Which of these QBs isn't a lock to be on the Patriots' 2012 roster?
Over the past week, I've tried to predict the 53 players who would make the New England Patriots roster in an "if the season started today" scenario.
Here were the lucky 53. Players in bold are ones whose contracts and/or production render them essentially loster rocks, barring injuries:
QB (3): Tom Brady, Brian Hoyer, Ryan Mallett
RB (3): Stevan Ridley, Shane Vereen, Danny Woodhead
FB (1): Spencer Larsen
TE (3): Daniel Fells, Rob Gronkowski, Aaron Hernandez
WR (6): Deion Branch, Julian Edelman, Brandon Lloyd, Matthew Slater, Donté Stallworth, Wes Welker
OL (9): Marcus Cannon, Dan Connolly, Robert Gallery, Logan Mankins, Nick McDonald, Nate Solder, Sebastian Vollmer, Brian Waters, Ryan Wendell
DL (6): Ron Brace, Brandon Deaderick, Jonathan Fanene, Kyle Love, Myron Pryor, Vince Wilfork
LB (9): Markell Carter, Jermaine Cunningham, Dane Fletcher, Jerod Mayo, Rob Ninkovich, Trevor Scott, Brandon Spikes, Jeff Tarpinian, Tracy White
CB (5): Will Allen, Kyle Arrington, Ras-I Dowling, Devin McCourty, Sterling Moore
S (5): Josh Barrett, Sergio Brown, Patrick Chung, Steve Gregory, Ross Ventrone
ST (3): Danny Aiken, Stephen Gostkowski, Zoltan Mesko
For various reasons, some of the players above will not make the roster. The most obvious reason is that the Patriots currently have six draft picks in the first four rounds of the draft. Historically, the Patriots have not used all of their early picks, and it's not at all a given they'll do so this year.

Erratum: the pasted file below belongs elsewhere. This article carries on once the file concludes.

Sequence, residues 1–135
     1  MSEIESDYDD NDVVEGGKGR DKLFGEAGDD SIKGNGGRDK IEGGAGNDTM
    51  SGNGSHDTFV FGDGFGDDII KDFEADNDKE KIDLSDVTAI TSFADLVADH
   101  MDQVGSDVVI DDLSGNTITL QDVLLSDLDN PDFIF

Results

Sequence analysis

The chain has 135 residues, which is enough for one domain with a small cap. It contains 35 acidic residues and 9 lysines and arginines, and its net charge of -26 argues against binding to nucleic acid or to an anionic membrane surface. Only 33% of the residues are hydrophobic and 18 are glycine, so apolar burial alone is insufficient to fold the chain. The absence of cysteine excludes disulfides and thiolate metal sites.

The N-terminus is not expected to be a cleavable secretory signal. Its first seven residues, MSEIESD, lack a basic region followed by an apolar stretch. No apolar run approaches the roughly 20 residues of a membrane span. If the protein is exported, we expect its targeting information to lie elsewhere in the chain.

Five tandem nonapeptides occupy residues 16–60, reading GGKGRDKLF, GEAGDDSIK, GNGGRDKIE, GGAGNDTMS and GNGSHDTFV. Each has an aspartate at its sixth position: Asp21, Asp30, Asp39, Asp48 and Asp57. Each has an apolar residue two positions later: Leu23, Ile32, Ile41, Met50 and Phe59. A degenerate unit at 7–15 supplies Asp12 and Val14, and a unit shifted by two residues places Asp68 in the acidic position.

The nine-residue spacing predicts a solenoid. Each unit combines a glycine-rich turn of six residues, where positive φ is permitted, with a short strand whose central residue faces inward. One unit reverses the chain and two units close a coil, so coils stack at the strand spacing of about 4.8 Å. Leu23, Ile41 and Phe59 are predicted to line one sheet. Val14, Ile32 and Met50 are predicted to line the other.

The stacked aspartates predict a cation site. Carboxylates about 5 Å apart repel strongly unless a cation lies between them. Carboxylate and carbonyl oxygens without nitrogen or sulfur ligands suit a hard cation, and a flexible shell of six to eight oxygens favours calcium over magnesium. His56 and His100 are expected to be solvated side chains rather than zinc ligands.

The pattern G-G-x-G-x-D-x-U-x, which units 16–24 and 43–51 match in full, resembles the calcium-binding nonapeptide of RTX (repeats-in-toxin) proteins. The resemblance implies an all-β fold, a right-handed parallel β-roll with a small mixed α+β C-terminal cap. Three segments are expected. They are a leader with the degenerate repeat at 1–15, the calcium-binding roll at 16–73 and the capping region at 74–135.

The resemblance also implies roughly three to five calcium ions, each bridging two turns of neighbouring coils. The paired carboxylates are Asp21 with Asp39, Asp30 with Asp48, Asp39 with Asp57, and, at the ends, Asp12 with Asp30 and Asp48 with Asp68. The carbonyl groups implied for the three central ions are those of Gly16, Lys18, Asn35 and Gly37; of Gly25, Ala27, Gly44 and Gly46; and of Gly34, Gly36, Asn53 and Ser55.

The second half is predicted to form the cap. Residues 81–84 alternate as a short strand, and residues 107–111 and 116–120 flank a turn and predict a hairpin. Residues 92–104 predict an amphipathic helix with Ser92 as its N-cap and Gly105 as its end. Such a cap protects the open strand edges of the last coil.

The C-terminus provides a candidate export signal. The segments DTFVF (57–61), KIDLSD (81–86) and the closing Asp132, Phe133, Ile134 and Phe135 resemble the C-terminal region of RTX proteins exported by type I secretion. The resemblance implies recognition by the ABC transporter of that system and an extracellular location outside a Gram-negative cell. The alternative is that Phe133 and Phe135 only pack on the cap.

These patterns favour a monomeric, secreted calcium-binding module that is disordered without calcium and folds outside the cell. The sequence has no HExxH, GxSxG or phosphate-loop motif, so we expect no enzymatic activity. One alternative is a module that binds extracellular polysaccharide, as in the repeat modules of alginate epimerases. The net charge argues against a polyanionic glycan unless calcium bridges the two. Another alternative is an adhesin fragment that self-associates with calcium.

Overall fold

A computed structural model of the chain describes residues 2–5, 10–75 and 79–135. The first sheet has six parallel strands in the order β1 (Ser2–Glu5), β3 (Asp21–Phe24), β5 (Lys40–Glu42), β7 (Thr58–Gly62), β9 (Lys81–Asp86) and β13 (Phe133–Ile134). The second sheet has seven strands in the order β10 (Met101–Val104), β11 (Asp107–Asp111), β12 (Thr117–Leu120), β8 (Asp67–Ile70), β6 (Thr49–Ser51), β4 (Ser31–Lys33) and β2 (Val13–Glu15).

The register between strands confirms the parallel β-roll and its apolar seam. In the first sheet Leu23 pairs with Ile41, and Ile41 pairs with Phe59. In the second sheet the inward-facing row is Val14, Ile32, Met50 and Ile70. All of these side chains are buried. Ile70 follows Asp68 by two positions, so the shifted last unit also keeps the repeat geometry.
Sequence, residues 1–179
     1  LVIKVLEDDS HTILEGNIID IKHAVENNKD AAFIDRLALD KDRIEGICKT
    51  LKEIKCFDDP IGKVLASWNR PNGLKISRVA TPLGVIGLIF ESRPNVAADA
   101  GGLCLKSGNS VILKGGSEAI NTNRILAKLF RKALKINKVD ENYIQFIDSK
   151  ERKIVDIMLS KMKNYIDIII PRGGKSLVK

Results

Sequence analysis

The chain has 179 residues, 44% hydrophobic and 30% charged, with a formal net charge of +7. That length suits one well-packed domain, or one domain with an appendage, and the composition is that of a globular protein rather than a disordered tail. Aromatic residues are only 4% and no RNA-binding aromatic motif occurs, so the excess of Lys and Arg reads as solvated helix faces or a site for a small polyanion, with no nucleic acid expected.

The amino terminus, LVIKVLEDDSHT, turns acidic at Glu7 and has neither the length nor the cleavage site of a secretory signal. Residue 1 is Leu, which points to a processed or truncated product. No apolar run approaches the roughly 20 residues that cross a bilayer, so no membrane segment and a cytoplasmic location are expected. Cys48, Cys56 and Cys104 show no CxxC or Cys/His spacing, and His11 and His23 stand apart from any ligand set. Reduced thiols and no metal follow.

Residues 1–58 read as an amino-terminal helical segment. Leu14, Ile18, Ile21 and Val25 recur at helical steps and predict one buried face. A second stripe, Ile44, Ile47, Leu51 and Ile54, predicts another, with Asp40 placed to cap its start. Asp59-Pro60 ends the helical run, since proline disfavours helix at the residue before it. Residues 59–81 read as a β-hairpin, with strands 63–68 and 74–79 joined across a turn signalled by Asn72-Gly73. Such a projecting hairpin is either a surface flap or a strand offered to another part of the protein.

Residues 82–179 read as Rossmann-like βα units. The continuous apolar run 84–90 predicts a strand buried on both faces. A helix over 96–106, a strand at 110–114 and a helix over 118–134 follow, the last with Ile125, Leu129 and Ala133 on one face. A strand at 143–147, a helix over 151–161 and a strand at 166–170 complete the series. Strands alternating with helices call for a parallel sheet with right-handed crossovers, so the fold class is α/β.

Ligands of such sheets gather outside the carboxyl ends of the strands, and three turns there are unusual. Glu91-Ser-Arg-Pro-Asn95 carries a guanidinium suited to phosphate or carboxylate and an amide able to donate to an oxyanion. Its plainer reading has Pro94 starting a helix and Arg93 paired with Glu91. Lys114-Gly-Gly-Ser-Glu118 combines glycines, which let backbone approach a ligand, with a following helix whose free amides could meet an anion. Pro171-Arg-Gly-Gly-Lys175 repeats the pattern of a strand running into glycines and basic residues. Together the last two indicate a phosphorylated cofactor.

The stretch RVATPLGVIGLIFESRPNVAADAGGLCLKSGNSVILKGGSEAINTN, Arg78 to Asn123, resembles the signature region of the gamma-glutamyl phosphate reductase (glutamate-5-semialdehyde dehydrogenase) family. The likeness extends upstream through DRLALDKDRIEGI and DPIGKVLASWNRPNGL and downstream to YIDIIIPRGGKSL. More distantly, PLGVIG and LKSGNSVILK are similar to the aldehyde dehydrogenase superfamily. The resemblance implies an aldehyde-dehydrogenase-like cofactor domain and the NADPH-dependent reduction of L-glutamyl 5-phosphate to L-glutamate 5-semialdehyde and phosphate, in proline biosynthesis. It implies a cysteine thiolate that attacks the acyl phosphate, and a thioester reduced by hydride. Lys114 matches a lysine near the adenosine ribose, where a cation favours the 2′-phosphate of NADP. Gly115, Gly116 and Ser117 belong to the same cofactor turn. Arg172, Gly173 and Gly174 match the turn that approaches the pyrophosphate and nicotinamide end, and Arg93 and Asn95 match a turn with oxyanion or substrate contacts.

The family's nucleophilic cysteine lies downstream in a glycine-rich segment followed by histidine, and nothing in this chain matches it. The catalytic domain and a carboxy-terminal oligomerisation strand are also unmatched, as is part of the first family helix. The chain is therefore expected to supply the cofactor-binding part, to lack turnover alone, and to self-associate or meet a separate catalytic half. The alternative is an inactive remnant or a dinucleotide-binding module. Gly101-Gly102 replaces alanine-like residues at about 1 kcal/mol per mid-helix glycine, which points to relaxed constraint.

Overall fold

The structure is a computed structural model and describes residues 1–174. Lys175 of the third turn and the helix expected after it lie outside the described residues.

On the other hand, in the Belichick era, essentially every player drafted in the first four rounds has made the opening day roster his rookie season (albeit sometimes on injured reserve, as Tyrone McKenzie did in 2009).
So let's look at some players whose roster spots aren't a given this fall.
Why isn't Hoyer a Lock?
Hoyer was an undrafted rookie in 2009 when he beat out several other quarterbacks to become Tom Brady's only backup in 2009 and 2010.
In 2011, seeing Arkansas gunslinger Ryan Mallett still available in the third round, the Patriots pounced on him. Since Mallett was healthy all year, the Patriots were forced to keep him on the 53-man roster the entire year, as he would never have cleared waivers to end up on the practice squad.
This year, Hoyer, a restricted free agent, was given a $1.9 million RFA tender, which would have required a team to give the Patriots a second-round pick to get Hoyer. No one bit, and Hoyer signed his tender. That means the Patriots can now trade Hoyer for any compensation they deem appropriate, and can choose his landing site, if they so desire.